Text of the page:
Jack Mitchell makes no mention of Soddy in his autobiographical memoir.  Students and researchers like Jack were selected and shepherded by the dons, there was little opportunity for contact with professors. And Soddy was in every sense an outsider.  He lived outside college with his wife Winifred, daughter of Sir George Beilby FRS.  She, along with Soddy’s school friend H. H. Carpenter, his former laboratory boy Alex Fleck, his Glasgow successor A.W. Stewart, and fitfully his old collaborator Ernest Rutherford (who’d successfully proposed Soddy’s Nobel laureateship) were amongst his only friends in the world of science. It was a dwindling band: Winifred became terminally ill in 1935 and Rutherford died unexpectedly in 1937. Soddy had no circle of intimates at Oxford to shield and support him.  Brigadier Sir Harold Hartley, FRS, the former director of the Balliol Trinity labs and Britain’s expert in chemical warfare, was an old antagonist who plainly regarded the Professor as unsound.  Hartley was heavily engaged in strategic science at a national level, and now headed scientific research for the powerful LMS railway company of which he was vice-president.  Hartley’s former academic ally Nevil Sidgwick and his long-term academic protégé Cyril Hinshelwood effectively led the opposition to Soddy amongst the dons across the University and at the labs, with more junior promotees like Harold Warris Thompson (Dainton’s tutor) adding their own criticisms, some justified, some malevolent.

 

 

      Frederick Soddy                       Cyril Hinshelwood

 

Fred Dainton in later life and his Oxford tutor Harold Warris Thompson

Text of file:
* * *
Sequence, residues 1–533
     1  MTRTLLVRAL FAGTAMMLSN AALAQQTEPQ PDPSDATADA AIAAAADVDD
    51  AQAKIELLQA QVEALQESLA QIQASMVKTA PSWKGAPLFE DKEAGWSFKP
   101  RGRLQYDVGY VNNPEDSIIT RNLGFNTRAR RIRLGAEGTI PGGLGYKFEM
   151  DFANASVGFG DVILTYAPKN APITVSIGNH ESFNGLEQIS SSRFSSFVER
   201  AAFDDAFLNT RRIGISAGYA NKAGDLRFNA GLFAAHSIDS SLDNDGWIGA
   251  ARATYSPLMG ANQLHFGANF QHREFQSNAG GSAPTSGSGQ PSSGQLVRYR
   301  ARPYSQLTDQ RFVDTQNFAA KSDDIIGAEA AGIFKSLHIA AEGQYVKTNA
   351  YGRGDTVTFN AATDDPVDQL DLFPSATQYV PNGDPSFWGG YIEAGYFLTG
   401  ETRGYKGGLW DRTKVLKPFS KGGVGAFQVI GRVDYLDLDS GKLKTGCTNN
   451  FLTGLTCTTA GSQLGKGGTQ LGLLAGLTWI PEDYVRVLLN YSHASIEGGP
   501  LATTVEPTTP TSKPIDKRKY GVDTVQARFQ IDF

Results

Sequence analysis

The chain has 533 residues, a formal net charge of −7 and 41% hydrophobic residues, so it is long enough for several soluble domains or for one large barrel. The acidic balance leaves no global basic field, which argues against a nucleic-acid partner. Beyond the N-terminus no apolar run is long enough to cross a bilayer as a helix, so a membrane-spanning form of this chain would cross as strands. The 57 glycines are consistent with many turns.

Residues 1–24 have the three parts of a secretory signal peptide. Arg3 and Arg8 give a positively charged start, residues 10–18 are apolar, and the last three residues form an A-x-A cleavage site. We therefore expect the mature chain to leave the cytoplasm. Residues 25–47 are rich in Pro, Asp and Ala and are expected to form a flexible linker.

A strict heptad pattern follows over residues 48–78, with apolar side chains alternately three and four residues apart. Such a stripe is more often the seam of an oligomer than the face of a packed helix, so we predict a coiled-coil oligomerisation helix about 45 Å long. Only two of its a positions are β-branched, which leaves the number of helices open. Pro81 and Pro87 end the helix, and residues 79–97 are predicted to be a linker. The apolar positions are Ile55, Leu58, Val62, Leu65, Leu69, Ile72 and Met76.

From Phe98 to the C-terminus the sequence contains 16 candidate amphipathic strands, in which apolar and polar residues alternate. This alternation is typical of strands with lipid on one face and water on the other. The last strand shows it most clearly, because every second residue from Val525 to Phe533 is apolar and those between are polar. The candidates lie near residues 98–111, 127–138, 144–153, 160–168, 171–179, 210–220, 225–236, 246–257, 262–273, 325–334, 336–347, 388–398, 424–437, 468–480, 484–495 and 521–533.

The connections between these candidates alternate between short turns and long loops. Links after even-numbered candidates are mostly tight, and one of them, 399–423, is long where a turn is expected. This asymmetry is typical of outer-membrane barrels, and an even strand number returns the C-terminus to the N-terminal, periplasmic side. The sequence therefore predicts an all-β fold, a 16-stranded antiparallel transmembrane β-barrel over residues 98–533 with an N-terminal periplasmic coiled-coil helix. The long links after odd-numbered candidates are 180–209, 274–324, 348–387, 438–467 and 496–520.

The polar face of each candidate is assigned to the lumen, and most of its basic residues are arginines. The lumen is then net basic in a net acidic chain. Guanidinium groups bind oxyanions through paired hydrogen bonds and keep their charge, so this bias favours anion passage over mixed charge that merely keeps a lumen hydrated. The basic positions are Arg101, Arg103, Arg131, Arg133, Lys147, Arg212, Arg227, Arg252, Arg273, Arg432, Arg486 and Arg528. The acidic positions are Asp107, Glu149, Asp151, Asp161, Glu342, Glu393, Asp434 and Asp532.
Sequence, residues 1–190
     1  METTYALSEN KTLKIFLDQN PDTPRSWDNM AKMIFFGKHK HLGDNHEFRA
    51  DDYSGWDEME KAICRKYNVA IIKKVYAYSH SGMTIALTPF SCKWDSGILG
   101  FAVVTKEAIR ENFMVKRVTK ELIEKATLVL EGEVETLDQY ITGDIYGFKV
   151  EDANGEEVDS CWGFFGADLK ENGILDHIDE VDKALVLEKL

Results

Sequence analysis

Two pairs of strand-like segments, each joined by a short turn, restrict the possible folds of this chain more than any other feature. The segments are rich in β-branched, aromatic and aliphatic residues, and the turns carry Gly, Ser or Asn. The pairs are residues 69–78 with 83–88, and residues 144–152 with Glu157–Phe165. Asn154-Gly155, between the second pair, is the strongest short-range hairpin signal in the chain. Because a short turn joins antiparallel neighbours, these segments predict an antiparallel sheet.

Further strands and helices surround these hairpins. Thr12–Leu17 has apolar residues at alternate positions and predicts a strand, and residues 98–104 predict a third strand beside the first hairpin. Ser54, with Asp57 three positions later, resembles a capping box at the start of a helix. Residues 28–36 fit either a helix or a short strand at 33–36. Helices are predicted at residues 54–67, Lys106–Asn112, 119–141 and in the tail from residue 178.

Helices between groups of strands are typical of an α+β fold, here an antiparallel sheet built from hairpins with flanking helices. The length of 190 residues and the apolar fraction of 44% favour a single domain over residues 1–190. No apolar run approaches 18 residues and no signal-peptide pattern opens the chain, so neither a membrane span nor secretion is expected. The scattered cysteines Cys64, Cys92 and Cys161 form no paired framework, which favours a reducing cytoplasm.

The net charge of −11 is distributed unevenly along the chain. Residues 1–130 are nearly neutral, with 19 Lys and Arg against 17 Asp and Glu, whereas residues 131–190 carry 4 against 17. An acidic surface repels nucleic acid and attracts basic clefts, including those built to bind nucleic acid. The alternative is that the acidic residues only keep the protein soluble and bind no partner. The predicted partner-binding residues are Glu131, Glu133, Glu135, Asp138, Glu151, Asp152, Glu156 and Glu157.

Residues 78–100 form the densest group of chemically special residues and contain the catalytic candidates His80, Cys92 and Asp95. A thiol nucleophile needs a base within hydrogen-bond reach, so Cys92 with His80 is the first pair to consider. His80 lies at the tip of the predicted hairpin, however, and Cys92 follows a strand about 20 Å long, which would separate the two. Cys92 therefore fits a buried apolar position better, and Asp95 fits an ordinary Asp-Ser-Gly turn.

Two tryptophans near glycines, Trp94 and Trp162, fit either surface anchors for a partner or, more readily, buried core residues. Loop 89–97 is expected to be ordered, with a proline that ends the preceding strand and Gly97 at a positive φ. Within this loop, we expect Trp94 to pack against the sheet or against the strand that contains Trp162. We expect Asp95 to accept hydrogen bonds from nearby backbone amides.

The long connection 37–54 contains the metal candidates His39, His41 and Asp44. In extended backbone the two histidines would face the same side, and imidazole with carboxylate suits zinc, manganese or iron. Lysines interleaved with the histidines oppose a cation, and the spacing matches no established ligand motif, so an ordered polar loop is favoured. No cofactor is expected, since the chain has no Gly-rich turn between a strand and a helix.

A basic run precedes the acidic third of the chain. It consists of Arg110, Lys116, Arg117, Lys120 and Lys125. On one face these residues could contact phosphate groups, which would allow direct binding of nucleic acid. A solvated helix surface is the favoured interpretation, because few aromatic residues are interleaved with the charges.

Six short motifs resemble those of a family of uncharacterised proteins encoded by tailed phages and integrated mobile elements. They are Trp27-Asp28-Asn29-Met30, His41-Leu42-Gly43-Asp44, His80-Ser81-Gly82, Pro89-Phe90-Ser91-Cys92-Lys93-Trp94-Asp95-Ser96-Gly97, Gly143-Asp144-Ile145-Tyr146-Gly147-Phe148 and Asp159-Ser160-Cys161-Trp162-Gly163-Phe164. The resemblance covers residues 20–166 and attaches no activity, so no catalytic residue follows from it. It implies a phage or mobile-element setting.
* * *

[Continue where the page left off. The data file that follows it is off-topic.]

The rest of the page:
In spite of Soddy’s refurbishments, it was no secret that Oxford’s chemists wanted to create new labs for physical chemistry on a new site.  But they had no wish to start with a loose cannon like Soddy still in post. They would have to wait till the Professor was safely out of the way.  In the meantime, they could cut off his exposure to new collaborators.  A blood supply of willing young workers fuelled the advancement of knowledge and reputations.  While Soddy was denied any fresh transfusions of scientific enthusiasm, Hinshelwood was particularly adept at guiding the annual influx of new researchers to co-author papers with himself and open up new fields of study.  Anyone could see that Hinshelwood was the future of Oxford chemistry, and Jack Mitchell was ready to accept whatever Faustian bargain was offered.  For all the initial differences of outlook between the homely mountaineer and the cool lounge lizard, Hinshelwood began to take the measure of Jack Mitchell’s potential and show him increasing consideration.

 

October 1935: First impressions and the daily round

Jack was well settled at Walton Crescent. Mr Bamford of Canterbury University College, checking up on Oxford’s new community of New Zealanders, was an early visitor.  He was probably Harry Dean Bamford, and co-author with Dr Hight of the constitutional History and Law of New Zealand in 1914, and like Hight an early exponent of Lord Milner’s Round Table Imperial ideals.